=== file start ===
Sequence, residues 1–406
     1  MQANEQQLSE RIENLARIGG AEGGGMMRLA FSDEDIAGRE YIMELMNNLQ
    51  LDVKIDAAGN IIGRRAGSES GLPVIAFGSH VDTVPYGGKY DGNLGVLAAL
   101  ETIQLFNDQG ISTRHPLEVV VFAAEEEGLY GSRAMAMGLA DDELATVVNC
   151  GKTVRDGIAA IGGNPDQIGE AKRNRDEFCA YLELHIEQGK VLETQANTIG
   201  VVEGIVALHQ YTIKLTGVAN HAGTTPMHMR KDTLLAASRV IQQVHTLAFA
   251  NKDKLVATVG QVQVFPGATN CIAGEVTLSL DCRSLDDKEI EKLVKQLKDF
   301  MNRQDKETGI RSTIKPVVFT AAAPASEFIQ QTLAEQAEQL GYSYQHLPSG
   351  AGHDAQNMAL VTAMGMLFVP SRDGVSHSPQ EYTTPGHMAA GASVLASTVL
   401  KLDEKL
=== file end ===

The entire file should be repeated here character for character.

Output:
Sequence, residues 1–406
     1  MQANEQQLSE RIENLARIGG AEGGGMMRLA FSDEDIAGRE YIMELMNNLQ
    51  LDVKIDAAGN IIGRRAGSES GLPVIAFGSH VDTVPYGGKY DGNLGVLAAL
   101  ETIQLFNDQG ISTRHPLEVV VFAAEEEGLY GSRAMAMGLA DDELATVVNC
   151  GKTVRDGIAA IGGNPDQIGE AKRNRDEFCA YLELHIEQGK VLETQANTIG
   201  VVEGIVALHQ YTIKLTGVAN HAGTTPMHMR KDTLLAASRV IQQVHTLAFA
   251  NKDKLVATVG QVQVFPGATN CIAGEVTLSL DCRSLDDKEI EKLVKQLKDF
   301  MNRQDKETGI RSTIKPVVFT AAAPASEFIQ QTLAEQAEQL GYSYQHLPSG
   351  AGHDAQNMAL VTAMGMLFVP SRDGVSHSPQ EYTTPGHMAA GASVLASTVL
   401  KLDEKL